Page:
Yes, production wise, this tops Nevermind and Loveless, perhaps because it’s the sum of their sounds—and so much more. There’s a high production value, angst and riffs, but with ornate arrangements; there’s a musical depth you can drown in. It’s packed with memorable hits that will define this era, mostly because they’re so drastically different from the others of the time. 

“Cherub Rock” will go down as not just one of the greatest album openers of all time, but as having one of the greatest intros of all time. That sped-up, drummer boy roll rat-a-tat leads right into one of the hottest guitar fuzz-bombs of the ‘90s. This is paisley rock. This is Led Zeppelin-sized riffage, suspended in time in an impressionistic Monet wormhole.

Then, of course, there’s “Today,” another one of the most memorable riffs that just explodes on impact. Smashing Pumpkins may have nailed the loud-quiet-loud dynamic better than Nirvana, hell, even better than its former master, the Pixies. And lyrically, Corgan slays with sentiments everyone can understand: “Today is the greatest day,” he snarls. We all hope for one of those.

There are multi-part, hard-rocking prog epics like “Silverfuck,” “Geek U.S.A.,” and “Soma,” lullabies like “Soma” and Luna,” and acoustic gems like “Sweet Sweet” and “Spaceboy,” a tune about his half-brother with sweeping strings.

But the best pair of tracks here are arguably “Hummer” and “Mayonaise.” Corgan—a master of the riff, who knows when to pause it with a mute note, or when to elongate it with a bend—really flaunts his chops on these two, especially the former. “Hummer” is a tour-de-force of all things that make Corgan, Corgan. A skittering intro opens into one of the most gorgeous prog riffs in the game, switching from quiet to crunch, his lyrics dialing the passion up note after note. The man knows when to snarl. “When I woke up from that sleep / I was happier than I’d ever been / When you, decide that your life is a prize / When you realize, it’s all right honey, it’s all right yeahhhhhhhhhh.”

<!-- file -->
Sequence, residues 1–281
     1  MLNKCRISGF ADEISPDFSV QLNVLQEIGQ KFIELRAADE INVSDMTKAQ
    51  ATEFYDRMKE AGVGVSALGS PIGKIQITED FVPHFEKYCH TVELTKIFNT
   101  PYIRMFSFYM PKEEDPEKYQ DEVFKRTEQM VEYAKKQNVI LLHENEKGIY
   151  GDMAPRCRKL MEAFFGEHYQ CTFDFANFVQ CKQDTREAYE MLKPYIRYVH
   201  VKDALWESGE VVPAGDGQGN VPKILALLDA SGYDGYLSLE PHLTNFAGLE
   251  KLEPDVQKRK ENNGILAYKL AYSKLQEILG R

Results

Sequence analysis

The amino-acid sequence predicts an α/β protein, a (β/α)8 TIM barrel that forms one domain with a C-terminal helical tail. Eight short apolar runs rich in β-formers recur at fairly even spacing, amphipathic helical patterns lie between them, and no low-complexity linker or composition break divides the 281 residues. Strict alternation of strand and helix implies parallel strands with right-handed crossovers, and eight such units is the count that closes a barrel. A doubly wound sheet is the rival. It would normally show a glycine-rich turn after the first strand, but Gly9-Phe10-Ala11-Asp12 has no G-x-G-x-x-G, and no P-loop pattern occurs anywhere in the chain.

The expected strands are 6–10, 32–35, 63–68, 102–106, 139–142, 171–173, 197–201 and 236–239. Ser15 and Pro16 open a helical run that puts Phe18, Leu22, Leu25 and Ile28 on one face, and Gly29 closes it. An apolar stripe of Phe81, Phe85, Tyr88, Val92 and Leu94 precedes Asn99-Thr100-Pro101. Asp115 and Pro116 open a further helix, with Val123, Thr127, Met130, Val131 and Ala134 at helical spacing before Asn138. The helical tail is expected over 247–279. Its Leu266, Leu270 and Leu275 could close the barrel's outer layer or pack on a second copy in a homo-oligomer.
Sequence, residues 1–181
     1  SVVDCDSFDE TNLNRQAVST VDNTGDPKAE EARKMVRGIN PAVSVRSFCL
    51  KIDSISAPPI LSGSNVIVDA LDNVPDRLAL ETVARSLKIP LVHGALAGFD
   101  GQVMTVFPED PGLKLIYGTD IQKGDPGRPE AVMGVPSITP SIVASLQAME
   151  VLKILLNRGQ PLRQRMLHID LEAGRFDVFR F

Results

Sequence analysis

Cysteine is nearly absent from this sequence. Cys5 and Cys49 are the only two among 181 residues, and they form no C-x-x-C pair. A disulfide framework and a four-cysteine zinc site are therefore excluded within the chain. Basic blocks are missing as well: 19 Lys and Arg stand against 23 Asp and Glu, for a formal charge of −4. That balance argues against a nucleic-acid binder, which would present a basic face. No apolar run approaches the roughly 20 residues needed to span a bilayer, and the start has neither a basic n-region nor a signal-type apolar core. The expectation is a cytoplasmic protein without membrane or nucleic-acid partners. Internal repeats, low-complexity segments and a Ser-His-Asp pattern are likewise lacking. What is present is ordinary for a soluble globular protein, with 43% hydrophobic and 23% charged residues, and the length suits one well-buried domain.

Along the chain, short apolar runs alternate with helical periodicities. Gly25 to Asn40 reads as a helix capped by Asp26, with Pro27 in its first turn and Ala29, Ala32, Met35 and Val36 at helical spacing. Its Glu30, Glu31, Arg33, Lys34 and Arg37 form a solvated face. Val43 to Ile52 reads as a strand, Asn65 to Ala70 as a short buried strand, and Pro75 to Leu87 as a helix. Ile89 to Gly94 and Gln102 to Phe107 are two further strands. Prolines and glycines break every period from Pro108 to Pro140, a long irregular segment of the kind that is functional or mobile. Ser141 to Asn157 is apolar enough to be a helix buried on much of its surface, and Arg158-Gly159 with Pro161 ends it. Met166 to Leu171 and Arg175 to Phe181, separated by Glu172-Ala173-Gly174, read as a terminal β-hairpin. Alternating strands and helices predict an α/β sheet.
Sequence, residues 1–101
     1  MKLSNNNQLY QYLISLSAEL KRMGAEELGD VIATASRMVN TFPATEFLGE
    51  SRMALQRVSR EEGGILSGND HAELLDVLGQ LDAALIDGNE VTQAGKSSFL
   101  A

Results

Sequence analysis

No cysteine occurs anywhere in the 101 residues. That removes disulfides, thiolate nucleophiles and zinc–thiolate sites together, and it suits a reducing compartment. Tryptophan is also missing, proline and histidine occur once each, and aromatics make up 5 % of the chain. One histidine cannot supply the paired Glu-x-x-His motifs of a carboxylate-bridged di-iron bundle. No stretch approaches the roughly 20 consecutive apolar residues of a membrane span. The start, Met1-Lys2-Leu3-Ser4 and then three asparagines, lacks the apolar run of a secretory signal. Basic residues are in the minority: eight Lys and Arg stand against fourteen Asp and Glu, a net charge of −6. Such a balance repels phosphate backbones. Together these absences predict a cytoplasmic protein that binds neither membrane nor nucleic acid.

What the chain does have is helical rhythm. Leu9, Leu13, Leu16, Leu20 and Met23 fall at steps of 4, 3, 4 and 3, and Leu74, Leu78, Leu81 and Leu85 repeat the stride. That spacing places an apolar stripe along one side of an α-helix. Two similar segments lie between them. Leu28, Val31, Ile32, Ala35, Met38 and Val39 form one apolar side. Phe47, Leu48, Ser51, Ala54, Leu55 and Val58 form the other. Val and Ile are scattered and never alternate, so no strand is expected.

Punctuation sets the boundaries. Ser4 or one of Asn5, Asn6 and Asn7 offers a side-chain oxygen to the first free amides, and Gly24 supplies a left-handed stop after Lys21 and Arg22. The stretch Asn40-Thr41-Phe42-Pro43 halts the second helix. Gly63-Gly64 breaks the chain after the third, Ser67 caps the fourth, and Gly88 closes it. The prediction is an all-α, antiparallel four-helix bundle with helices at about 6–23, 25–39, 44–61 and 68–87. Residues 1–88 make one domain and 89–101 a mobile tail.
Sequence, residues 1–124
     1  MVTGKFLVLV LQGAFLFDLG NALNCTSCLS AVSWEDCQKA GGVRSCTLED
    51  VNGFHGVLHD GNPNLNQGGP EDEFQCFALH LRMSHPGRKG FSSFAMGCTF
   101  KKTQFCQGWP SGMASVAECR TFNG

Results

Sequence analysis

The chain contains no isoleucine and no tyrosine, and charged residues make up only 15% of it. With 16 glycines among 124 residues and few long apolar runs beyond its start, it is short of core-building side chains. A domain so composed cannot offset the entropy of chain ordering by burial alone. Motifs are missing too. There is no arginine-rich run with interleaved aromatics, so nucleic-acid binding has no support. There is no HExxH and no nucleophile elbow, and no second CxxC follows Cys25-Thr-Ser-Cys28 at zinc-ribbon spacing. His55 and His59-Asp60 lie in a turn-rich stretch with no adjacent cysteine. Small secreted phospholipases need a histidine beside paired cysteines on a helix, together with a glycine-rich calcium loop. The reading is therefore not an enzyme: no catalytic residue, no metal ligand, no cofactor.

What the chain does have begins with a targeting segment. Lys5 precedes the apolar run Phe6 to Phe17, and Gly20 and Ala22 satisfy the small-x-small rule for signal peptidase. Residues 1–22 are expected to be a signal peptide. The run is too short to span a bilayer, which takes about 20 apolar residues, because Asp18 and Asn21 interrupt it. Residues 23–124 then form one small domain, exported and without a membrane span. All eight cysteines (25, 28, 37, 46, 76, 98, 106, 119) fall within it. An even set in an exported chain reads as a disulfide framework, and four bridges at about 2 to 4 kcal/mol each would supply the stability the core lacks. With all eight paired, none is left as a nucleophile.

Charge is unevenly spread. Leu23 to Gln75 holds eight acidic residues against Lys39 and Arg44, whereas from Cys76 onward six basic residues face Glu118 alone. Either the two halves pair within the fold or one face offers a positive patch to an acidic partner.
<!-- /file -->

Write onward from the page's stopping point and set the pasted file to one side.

It sure is. And hellllloooooo fuzz pedal. 

Exhibit A -- check the 1:38 mark when Corgan lets loose on that snarl.

Then there’s “Mayonaise,” for the more tender-hearted. A lilting riff drops into crunch territory, as Corgan unloads: “Try, ease the pain / Somehow we'll feel the same / Well, no one knows / Where our secrets go / I send a heart to all my dearies / When your life is so, so dreary / Dream.” It sounds ripped from a 14-year-old’s diary.

Exhibit B: 

Siamese Dream peaked at No. 10 on the Billboard 200 and was nominated for the Grammy Award for Best Alternative Music Performance and Best Hard Rock Performance with Vocal. It’s since gone 4x platinum. And, frankly, Corgan has done it no favors, tarnishing the legacy of the band with numerous foot-in-mouth quotes in the press. 

But it’s his commercial vision that triumphs here, from the music to the cover art to the playful music videos that accompany its singles. Part of what makes Siamese Dream so great is that it’s the ultimate outsider album—it’s a middle finger to the sound of the day, a reminder that trends are lame and some things about rock never change. And Siamese Dream is the album you’ll likely remember from that era. Twenty years from now, if someone asks you to hum one of the best songs from the '90s -- the ultimate test of staying power -- which track will you go for?